You see, the two-stage revolution idea in vogue amongst the left back then required a nationalistic dimension, which the Communist Party lacked. While these two entities engaged with one another, it was only around the mid-to-late 1940s that the ANC committed itself fully to the socialist cause.

Freedom advocates breathed a sigh of relief in the early 1990s when the Cold War came to an end. It was by then unequivocally clear that a socialist approach to economics had been discredited: to the extent that even the Eastern Bloc had over the years progressively conceded the inevitability of market forces. 

For a fleeting moment, it appeared that socialism had been beaten, and the world had been made safe for liberal capitalism.

The problem is that diehard socialists did not allow any of this to dissuade them from their ambitions. Indeed, South Africa’s contemporary socialists deny any obligation to answer for the immense death and destruction wrought by their ideological comrades around the world. This they usually say in the same breath as their condemnation of Apartheid and praise for Marxist socialism’s opposition to that system.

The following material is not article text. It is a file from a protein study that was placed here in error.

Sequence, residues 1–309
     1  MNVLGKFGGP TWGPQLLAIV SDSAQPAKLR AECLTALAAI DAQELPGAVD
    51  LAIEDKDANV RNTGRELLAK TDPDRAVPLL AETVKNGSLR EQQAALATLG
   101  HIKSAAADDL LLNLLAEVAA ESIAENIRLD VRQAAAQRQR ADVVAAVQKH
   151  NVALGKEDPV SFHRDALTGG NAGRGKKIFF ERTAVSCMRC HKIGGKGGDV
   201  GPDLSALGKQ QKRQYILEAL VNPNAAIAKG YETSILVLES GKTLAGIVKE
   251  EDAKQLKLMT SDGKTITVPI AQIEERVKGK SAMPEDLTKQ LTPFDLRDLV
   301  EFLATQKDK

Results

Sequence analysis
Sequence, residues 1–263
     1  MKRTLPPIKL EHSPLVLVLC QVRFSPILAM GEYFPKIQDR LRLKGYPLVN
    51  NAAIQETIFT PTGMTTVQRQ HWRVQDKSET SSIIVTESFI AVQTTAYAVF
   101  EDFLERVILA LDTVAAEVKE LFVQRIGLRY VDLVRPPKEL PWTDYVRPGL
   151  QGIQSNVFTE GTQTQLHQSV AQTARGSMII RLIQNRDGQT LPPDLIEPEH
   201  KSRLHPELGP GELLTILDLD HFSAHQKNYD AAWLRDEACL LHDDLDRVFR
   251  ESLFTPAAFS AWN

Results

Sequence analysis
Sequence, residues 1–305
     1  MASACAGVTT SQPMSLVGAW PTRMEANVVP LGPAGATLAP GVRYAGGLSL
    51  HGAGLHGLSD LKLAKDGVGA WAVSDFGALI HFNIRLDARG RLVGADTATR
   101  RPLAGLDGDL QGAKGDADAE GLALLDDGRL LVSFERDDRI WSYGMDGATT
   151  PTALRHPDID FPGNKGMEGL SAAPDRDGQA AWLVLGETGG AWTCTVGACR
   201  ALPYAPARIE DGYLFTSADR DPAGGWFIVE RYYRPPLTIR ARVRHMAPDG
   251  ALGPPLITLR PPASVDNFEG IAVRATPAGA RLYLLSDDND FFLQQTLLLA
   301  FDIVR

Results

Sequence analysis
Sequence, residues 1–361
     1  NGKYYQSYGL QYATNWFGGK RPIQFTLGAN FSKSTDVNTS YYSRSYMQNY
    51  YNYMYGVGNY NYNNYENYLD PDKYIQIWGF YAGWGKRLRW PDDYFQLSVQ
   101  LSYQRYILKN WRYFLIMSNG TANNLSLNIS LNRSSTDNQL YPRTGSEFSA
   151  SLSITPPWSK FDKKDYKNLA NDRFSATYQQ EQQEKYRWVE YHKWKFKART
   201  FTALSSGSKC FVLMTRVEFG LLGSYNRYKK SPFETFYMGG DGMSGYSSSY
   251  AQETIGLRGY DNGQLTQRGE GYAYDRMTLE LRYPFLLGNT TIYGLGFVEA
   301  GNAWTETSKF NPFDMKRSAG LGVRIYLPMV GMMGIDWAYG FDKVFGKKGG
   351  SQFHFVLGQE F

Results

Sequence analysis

The United Party and National Party pushed the ANC into the arms of the communists (ie.  Marxian socialists). This is true. However, the ANC was staffed by smart adults wearing big-boy pants, so their agency, and therefore complicity, cannot be entirely discounted.

There was never a swart gevaar. Black South Africans – prior to the advent of the modern, socialist-infused black nationalism – had no intention of harming or otherwise undermining the white population. 

They, rightly, wanted to enjoy the same civil liberties that whites took for granted, and on occasion they were prepared to use violence toward that end. We, today, should be similarly willing to use  force to jealously protect freedom.

The swart gevaar rhetoric was a political tool used to generate fear. The rooi gevaar rhetoric, on the other hand, was accurate. And the red threat is more dangerous today than it has ever been before. 

‘Good in theory, bad in practice’